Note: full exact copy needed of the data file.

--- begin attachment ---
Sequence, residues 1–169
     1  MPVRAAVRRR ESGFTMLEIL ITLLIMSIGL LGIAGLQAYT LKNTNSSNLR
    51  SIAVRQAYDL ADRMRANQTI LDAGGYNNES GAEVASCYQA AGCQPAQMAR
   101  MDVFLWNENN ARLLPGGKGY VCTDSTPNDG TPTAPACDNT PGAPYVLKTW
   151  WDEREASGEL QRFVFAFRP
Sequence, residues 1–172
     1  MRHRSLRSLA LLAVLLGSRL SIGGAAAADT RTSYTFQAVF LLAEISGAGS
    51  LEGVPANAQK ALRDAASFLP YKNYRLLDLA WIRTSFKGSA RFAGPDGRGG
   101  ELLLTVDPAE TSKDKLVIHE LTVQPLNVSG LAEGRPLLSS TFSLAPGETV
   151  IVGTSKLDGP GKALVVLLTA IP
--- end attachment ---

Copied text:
Sequence, residues 1–169
     1  MPVRAAVRRR ESGFTMLEIL ITLLIMSIGL LGIAGLQAYT LKNTNSSNLR
    51  SIAVRQAYDL ADRMRANQTI LDAGGYNNES GAEVASCYQA AGCQPAQMAR
   101  MDVFLWNENN ARLLPGGKGY VCTDSTPNDG TPTAPACDNT PGAPYVLKTW
   151  WDEREASGEL QRFVFAFRP
Sequence, residues 1–172
     1  MRHRSLRSLA LLAVLLGSRL SIGGAAAADT RTSYTFQAVF LLAEISGAGS
    51  LEGVPANAQK ALRDAASFLP YKNYRLLDLA WIRTSFKGSA RFAGPDGRGG
   101  ELLLTVDPAE TSKDKLVIHE LTVQPLNVSG LAEGRPLLSS TFSLAPGETV
   151  IVGTSKLDGP GKALVVLLTA IP